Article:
These are undoubtedly challenging times for Saudi Arabia’s construction sector. Reduced national revenues resulting from the post-2014 oil price decline have led to project uncertainty, low market liquidity, and a host of associated challenges for the kingdom’s contracting community. While it can sometimes feel like positive news is in scant supply, there are still success stories to be found – providing you know where to look. Take for example Construction and Planning Co Ltd (C&P), a Riyadh-headquartered firm that has grown from an ambitious start-up to a multimillion-dollar contractor in little more than a decade.
Established in 2004 by two young Saudi entrepreneurs, Faisal Bouzo and Tarek Al Ajlani, C&P started life as a three-person outfit performing small-scale construction and fit-out works within the kingdom’s residential sector. Today, the contractor boasts a 500-plus workforce, and has completed large-scale fit-out, construction, and landscaping projects – in a diverse range of market segments – for some of the largest conglomerates on the planet.
In hindsight, this is not altogether surprising. Both Bouzo and Al Ajlani grew up in families that ran construction and engineering businesses. Upon discovering their mutual passion for architecture and construction, C&P’s co-founders and managing partners knew immediately what they wanted to achieve.
“Our mission was to deliver quality creations with high-end execution by joining forces,” Bouzo tells Construction Week. “We identified a niche in the market: to deliver projects within Saudi Arabia according to the highest international standards.”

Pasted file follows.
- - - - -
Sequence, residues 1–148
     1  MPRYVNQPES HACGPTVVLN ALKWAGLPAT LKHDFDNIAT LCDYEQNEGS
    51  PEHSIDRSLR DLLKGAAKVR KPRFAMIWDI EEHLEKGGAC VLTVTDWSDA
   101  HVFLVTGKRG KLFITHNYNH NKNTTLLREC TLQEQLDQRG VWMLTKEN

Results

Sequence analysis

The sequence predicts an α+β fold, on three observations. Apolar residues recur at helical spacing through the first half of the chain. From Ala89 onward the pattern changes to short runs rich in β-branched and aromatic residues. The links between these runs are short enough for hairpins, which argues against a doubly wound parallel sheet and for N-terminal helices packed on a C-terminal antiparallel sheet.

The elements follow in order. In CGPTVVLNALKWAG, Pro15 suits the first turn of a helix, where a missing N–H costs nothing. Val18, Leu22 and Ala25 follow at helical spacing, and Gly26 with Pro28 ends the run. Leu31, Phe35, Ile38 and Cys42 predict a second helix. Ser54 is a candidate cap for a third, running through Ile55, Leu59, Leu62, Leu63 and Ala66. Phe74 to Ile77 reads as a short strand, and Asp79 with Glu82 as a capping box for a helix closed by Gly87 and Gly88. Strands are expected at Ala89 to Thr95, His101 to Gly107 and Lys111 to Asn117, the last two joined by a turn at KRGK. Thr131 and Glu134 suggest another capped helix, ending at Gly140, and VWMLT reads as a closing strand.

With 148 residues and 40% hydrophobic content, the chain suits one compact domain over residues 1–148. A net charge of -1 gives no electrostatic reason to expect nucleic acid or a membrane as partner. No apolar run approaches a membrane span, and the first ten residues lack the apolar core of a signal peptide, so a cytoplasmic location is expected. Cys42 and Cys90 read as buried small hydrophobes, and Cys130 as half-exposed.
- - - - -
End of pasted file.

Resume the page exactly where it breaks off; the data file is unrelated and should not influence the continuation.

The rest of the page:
Al Ajlani continues: “There was a dearth of kingdom-based companies equipped to deliver creative designs and high-end execution, particularly for mid- to large-scale projects in the residential sector. We established C&P to fill this particular gap, initially by breaking down barriers in terms of the standard designs to which the market had become accustomed, and then by establishing redefined benchmarks for quality and innovation.”
During the past 12 years, C&P’s workforce has witnessed significant organic growth. The company now employs a diverse range of construction experts, including directors, project managers, site engineers, planning professionals, and a comprehensive team of support staff. Fortunately, the firm’s 500-plus workforce has plenty to keep it busy. Despite Saudi Arabia’s challenging contracting market, C&P has succeeded in securing a broad array of high-profile projects across multiple segments.
“We recently finalised an affiliation with World Trade Center Saudi Arabia (WTC-Saudi),” reveals Bouzo. “With an estimated value of $26.7m (SAR100m), this joint venture deal was signed with the aim of developing real estate properties over a period of five years.
“WTC-Saudi complements C&P’s services by supplying our clients with temporary, fully-equipped offices, enabling them to make the most of their commercial spaces while their permanent offices are being completed. In turn, C&P is responsible for handling the fit-out of all offices within WTC-Saudi’s towers.”
Despite its relative youth, C&P has worked for a dizzying selection of the world’s biggest multinationals. The contractor’s client portfolio includes Apple Saudi Arabia, Deutsche Bank, Dell, BNP Paribas, Becton Dickinson (BD), and Hansgrohe. It has completed fit-out works for the headquarters of the National Shipping Company of Saudi Arabia (Bahri), and Saudi Technology Development and Investment Company (Taqnia). In addition, C&P is now in the final stages of completing a construction project, valued at more than $26.7m (SAR100m), to rebuild Riyadh Care Hospital.
However, the company hasn’t forgotten its residential roots. Al Ajlani explains: “C&P is currently completing works for a 900,000m2 residential project on behalf of renowned real estate developer, Solidere International, alongside Unimac and Aqualia. Our scope of work for the development, which is located in Riyadh’s Al Malqa district, involves landscaping and irrigation works, and the establishment of water wells and desalination plants.”